September 2009

Wear Simulator for Testing Ankle Joint Replacement Components

University of Pittsburgh, 1998 - $16,800

This E-Team designed, constructed and evaluated a prototype wear simulator for the testing of ankle joint replacement components. The wear testing of joint replacement implants is important for evaluating the durability of the components and for studying the wear particles that are generated. Wear testing machines are available for hip and knee implants, but not the ankle implant, which is a new product.

Industrial Assessment Software Development

Carthage College, 1998 - $6,506

This E-Team is modifying an existing business assessment tool that enables businesses to assess their capability to meet ISO9000 standards. The tool is inexpensive, easy to use, and available for use in small to medium-sized businesses. The software allows the user to calculate a 'score' that represents the performance of various business elements against international standards using ISO9000 parameters. NIST developed this assessment tool with the intent of improving the competitiveness of US businesses.

The E-Team plans to develop its own small business while further helping other small businesses through its products. The team will work with the company Acumen to develop a plan to market the product to local businesses. The team is funded to develop a product design and create the necessary software, conduct beta testing, and implement a full-scale system. They will develop a marketing plan for the product, create a list of potential customers, and prepare a detailed business plan.

The students are business majors enrolled in the ScienceWorks: Entrepreneurial Studies in Natural Science Program. Combining their skills, interest, and education in business and technology with the career and entrepreneurship training in ScienceWorks, they decided to launch a new software-based business development venture.

Developing a Continuous Transmission

Hampton College, 1998 - $14,250

This E-Team has pioneered research on a continuous transmission system that could facilitate higher power utilization efficiency in consumer engines, including next generation vehicles. By combining a flywheel and a continuous transmission, the system offers a high performance drive train that outperforms current low emission devices. This system could have major applications in high efficiency and electric vehicles, as well as other powered equipment.

The device would revolutionize drive technology and the potential markets for such a device are numerous and varied, from the target application of automobile performance enhancement to smaller motors found in consumer electronics.

The team is made up of three physics majors, one sophomore and two juniors. The NCIIA funded the team to design and construct a testing prototype for the system.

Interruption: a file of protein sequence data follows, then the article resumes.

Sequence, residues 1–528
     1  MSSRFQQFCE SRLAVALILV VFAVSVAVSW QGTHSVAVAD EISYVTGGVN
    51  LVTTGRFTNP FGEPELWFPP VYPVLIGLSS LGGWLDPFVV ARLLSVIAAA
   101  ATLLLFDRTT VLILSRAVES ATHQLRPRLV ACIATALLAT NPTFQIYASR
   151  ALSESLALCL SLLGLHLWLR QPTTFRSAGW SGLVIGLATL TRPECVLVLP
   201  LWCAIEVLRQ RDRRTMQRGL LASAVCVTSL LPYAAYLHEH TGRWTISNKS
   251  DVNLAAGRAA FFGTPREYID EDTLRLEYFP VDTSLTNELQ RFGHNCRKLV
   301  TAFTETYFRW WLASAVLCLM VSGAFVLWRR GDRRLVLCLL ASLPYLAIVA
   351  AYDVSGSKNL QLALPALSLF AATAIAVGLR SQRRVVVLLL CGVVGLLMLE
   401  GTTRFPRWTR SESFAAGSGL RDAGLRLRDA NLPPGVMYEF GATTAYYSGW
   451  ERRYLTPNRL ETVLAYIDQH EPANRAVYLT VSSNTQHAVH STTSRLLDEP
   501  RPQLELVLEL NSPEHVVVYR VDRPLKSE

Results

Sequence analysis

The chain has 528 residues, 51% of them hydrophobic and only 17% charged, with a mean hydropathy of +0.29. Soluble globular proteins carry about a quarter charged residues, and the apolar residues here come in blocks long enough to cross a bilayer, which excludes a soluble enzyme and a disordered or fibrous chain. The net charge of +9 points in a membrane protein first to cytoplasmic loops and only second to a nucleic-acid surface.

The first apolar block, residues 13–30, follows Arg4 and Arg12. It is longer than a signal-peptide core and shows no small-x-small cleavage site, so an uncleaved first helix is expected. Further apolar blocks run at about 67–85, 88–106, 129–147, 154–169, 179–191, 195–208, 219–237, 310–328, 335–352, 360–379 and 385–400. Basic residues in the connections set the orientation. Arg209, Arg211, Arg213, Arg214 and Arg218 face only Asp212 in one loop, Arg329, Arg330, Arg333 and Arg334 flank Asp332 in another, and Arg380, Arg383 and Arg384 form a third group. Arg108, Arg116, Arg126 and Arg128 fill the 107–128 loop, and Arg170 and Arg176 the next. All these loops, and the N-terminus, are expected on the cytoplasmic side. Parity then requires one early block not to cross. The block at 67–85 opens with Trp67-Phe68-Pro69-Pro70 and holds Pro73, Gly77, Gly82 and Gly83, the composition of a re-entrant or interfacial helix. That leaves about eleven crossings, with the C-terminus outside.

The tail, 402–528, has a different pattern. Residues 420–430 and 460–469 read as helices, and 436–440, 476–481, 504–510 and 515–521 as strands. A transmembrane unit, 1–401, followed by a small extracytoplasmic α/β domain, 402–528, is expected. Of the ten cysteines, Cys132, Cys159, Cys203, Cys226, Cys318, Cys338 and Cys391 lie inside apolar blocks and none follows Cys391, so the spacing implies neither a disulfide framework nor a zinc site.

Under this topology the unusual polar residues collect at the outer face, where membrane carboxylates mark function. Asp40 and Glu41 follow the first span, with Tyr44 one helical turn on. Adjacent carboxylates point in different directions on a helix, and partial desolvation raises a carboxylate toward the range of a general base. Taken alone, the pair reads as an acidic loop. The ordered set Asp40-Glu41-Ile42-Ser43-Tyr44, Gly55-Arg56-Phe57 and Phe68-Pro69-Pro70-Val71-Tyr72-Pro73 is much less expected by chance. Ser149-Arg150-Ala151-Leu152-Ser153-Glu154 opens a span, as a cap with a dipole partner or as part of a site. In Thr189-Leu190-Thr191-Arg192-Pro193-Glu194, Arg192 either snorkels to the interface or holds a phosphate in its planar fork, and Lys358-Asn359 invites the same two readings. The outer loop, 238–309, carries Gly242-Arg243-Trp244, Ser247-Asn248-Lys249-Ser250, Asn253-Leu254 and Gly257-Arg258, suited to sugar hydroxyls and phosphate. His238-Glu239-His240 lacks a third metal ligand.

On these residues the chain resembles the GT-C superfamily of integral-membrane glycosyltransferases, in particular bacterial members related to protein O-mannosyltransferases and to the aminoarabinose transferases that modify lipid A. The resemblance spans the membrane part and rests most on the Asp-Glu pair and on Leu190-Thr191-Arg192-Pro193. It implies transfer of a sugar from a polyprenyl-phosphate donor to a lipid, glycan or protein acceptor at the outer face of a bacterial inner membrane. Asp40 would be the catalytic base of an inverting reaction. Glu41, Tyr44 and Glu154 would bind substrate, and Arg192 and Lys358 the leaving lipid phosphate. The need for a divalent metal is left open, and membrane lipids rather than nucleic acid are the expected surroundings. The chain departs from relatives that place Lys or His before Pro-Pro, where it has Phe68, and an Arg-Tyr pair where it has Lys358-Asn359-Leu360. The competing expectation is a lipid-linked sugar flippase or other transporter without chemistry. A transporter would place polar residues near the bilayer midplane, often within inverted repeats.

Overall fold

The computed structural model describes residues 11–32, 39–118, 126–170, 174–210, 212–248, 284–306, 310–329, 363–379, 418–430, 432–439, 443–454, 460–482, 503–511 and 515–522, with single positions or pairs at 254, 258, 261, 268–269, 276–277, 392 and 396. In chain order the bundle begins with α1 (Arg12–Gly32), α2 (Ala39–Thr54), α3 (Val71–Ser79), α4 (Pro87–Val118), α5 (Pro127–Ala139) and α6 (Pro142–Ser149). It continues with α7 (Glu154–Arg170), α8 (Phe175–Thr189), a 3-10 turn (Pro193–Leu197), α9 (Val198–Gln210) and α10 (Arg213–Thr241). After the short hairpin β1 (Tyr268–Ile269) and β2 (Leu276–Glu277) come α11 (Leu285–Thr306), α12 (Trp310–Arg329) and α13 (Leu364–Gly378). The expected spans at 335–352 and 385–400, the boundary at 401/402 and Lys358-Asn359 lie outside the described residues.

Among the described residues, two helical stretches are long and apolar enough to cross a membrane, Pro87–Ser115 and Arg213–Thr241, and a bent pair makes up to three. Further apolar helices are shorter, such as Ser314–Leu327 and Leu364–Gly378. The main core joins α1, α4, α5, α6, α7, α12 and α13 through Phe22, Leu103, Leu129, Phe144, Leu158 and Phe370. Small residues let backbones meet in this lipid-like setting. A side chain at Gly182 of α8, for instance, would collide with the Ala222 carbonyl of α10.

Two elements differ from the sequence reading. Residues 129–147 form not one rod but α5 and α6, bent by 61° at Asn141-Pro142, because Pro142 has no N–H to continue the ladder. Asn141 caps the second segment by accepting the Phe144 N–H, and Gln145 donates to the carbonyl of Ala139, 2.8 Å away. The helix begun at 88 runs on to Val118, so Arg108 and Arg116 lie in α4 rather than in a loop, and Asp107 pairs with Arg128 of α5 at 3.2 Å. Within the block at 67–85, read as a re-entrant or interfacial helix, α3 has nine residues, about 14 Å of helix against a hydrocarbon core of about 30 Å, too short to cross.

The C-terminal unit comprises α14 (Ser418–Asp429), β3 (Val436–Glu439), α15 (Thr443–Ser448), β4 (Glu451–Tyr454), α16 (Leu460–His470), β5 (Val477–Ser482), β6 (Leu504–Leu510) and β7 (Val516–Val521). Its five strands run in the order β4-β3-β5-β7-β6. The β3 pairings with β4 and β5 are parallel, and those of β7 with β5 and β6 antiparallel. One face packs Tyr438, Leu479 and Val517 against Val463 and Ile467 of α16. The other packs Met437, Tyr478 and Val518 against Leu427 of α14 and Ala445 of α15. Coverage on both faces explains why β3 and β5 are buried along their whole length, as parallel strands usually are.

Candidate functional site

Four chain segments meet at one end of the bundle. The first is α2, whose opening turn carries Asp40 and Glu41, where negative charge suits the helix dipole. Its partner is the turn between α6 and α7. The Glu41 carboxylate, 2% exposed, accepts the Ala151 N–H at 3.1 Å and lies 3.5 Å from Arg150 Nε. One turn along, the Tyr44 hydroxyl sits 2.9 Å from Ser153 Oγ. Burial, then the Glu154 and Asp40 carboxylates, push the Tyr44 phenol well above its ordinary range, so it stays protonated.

Development of a Hand Held Sewing Machine

California Polytechnic State University, San Luis Obispo, 1998 - $11,900

This E-Team began with a proof of principle prototype of a hand held sewing machine. Instead of the advance mechanism pulling the cloth into the sewing mechanism, the user pulls the material through the machine. The sewing mechanism operates and sews the cloth by using the friction between the cloth and a wheel.

The final product will be small, lightweight, portable, and easy to operate. Landscape contractors, army units, or anyone else who needs to repair tears would find this product useful.

The team is made up of two junior mechanical engineers and a faculty member. They are funded to complete a final conceptual product design and prototype, a market analysis, a patent, and marketing plan. The students will work on this project during the summer and as part of their senior design class, a mandatory course for all mechanical engineering seniors. The project originated in an E-Team course Philosophy of Design.

Virginia Composite Wheel Team

University of Virginia, 1998 - $19,718

This E-Team designed, built and tested a fiber-reinforced plastic composite vehicle (car, truck) wheel. The wheel is substantially lighter than current metal wheels, resulting in improved performance and fuel economy.


Ramapo College of New Jersey, 1998 - $14,900

This E-Team is developing an inexpensive consumer device for viewing, optimizing, and printing photographs from film. The apparatus is an inexpensive stand-alone device to view both positive and negative film on a built-in LCD display. Students estimate that even a percentage penetration of the product into the huge post processing market would generate multimillion-dollar revenues.

The reader displays a real-time positive image of positive or negative photographic film onto the reader's LCD display or to a separate TV screen. Output from the reader may be fed into the video input of a PC or MAC where the film is displayed on the monitor as a positive image. Software will allow the user to adjust the image for intensity, contrast, and color balance. The user may then print the final image.